The hits are completely different. One rightly received a match penalty, the other rightly received a 5 minute charging major. Kudos to the refs for getting those calls right.

At 3:15 p.m., October 01, 2007, Anonymous Dan said...

I am not saying it should be a twenty game supension only that if Downie's warranted 20 then this warrants at least 1-4.
Don't get me wrong, I don't want a league where this hit is a suspension. But nor do I want one where Downie gets 20. The main problem is that Downie's was too large, and if it wasn't, then Rypien deserves a suspension.

At 3:20 p.m., October 01, 2007, Anonymous said...

"dangerous hit on a player who was vulnerable" Tom Benjamin's quote on Rypien hit
-seems to me this quote was thrown around a lot concerning the Downie hit. He got 20 games. If this hit by Rypien resembles Downie's even 1/20 then it should be a suspension.

At 3:25 p.m., October 01, 2007, Blogger Shane Giroux said...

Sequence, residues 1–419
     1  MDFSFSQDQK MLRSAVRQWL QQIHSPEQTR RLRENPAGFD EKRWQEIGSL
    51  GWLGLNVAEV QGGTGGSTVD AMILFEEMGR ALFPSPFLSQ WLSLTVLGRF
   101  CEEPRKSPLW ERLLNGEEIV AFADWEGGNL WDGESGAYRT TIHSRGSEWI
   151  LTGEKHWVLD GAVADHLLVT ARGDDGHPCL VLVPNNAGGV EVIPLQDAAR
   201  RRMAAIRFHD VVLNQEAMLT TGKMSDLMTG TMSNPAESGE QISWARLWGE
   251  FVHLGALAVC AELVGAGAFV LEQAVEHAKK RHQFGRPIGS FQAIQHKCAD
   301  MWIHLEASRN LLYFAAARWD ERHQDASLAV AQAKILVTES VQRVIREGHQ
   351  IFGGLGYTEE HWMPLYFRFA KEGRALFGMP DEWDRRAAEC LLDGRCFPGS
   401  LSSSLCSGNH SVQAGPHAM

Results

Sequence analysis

Charging sure, but Roy should not have turned like that. Or if he was set on turning...he should have tried to turn and move out of the way. Turn and move, not turn and stand.

At 3:29 p.m., October 01, 2007, Anonymous said...

If we are blaming Roy (and we should), do we blame McAmmond for having his head down?

At 3:31 p.m., October 01, 2007, Blogger James Mirtle said...

Just a note that Dan and penaltyshots is the same person in this thread.

The lone dissenter, if you will.

At 3:36 p.m., October 01, 2007, Anonymous dan/ said...

What do you think James?

If you go by the Downie suspension, should this be one, albeit not nearly so harsh?